Off-World Interceptor is a third person driving shoot-em up that puts you in the shoes of a “Trashman”, an interplanetary bounty hunter tasked with apprehending several dangerous criminals. So far, so good. What this 3DO release does is turn that premise into a rather enjoyable game that also saw later ports to the Sony PlayStation and Sega Saturn.
There are story, arcade and two player head to head options, the latter of which I couldn’t try out as I only had one pad (that’s my excuse and I am sticking to it!). Arcade is effectively a training option for the story (minus the final level) so you can see which of the six vehicles works best on the five available worlds – the sixth is trial and error. Each world has a number of stages before a final boss battle where the big money is earned. On the surface, there certainly seems enough here to keep the average player busy for a fair few hours.
Effectively an off-road racer with funky weapons and an alien planet setting, your goal is to reach the end of the course before the bad guy. Being an off-world interceptor, your vehicle can not only drive places but can also jump and, to a small degree, hover. This comes in handy! Along the way, you’ll deal with other bounty hunters, laser turrets and other obstacles. You can pick up fuel, armour, special weapon ammunition and cash tokens along the way. Run out of fuel and you’ll get a pick me up, although that costs you time in this race. Too much damage and you’ll explode, though you can purchase clones in-between levels in an upgrade shop. You can also buy new vehicles, upgrade existing ones and generally improve your chances by spending that hard-earned cash. Fail to reach the end of a stage before the criminal, and an airstrike is called in that will demolish everything in the level, including you.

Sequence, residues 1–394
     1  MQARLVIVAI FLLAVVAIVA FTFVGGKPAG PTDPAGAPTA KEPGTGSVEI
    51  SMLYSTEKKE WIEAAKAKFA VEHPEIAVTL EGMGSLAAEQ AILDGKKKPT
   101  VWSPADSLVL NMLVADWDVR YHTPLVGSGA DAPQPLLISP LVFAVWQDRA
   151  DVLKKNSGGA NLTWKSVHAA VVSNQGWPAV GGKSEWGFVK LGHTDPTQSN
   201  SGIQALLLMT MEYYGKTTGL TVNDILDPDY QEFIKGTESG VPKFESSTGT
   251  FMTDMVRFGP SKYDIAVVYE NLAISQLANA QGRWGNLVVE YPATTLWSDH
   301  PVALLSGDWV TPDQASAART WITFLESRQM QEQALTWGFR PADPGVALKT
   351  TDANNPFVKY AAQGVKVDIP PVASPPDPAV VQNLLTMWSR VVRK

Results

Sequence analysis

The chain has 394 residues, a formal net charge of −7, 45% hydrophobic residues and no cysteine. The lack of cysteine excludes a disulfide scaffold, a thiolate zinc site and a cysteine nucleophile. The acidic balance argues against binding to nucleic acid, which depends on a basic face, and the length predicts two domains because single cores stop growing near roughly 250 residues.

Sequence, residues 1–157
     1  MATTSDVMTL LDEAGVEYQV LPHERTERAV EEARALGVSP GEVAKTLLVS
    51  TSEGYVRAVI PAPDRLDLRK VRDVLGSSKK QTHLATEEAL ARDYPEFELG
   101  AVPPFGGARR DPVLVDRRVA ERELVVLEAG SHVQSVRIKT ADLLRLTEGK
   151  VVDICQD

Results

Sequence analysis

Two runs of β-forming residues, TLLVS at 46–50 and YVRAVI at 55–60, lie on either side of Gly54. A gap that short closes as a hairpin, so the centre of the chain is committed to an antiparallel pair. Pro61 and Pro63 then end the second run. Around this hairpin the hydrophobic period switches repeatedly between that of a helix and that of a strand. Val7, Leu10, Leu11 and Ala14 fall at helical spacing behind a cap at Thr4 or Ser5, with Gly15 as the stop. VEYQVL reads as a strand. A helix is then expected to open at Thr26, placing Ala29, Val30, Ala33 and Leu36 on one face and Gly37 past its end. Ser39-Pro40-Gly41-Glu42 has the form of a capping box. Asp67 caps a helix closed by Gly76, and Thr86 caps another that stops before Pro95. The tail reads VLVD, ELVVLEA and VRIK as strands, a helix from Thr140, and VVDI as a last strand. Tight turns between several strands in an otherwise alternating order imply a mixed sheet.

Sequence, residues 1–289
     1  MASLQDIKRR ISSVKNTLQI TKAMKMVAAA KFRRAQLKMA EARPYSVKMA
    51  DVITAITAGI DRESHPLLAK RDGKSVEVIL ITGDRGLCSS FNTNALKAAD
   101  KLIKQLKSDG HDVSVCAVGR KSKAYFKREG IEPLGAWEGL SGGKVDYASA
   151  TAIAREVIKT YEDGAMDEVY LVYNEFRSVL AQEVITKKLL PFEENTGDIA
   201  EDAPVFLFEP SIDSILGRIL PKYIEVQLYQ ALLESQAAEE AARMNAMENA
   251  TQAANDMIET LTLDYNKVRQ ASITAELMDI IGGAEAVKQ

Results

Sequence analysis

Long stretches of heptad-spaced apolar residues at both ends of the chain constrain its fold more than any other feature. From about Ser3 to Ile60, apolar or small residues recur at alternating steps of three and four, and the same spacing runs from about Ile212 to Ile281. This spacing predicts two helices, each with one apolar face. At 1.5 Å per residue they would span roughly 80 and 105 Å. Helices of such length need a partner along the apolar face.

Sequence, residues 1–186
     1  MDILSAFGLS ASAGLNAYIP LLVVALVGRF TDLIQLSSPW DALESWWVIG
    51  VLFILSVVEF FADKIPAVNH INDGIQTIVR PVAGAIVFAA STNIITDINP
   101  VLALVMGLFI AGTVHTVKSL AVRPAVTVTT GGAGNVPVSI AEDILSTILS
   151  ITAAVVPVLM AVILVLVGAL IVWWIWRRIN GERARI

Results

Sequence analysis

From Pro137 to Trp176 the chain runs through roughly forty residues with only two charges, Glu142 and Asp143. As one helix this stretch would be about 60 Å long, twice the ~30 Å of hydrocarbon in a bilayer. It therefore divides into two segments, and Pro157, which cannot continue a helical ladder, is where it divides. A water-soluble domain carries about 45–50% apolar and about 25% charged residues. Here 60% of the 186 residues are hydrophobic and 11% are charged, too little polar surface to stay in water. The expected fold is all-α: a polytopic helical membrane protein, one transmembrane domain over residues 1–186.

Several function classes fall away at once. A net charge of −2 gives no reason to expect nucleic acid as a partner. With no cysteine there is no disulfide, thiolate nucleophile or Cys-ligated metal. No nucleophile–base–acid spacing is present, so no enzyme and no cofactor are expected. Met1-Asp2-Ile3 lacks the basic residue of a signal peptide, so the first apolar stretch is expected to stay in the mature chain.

If this sounds pretty simple and straightforward, well, that’s because it is. Action is pretty much on rails, in that whilst you can drive forwards, you can’t go backwards and you are limited to a roughly 45 degree left or right turn. The boss stages provide the greatest challenge where dodging fire is a hit and miss affair (that was a terrible joke, but I make no apologies!) whereas the normal stages are pretty much a “hold down gas and fire buttons – sometimes hit the special weapon one” and that’s it. The planets themselves are just a variation on colour, mere decoration for the driving and shooting. It is, however, an enjoyable arcade style game to play.
Graphically, I can see why this was considered a good example of what the 3DO could do and how it improved upon the 16-bit generation. The action is quite smooth, the 3D terrain whips by at a fair rate and it’s only the limited frames of animation that appear to slow things down. There’s usually a ton of things on screen – laser bolts, enemies, other drivers and tokens, and the only real downside is the terrible draw distance for the terrain. This wouldn’t be such a bad thing if it wasn’t for the fact that if you find yourself in the hill areas, you’ll have difficulty seeing what’s coming up next, never mind those important fuel and armour tokens. Still, for an early title on a machine not renowned for being a 3D powerhouse, it’s good. The full motion video of the story cut scenes is, well, early 90’s FMV, but I’ll speak more on that in a moment.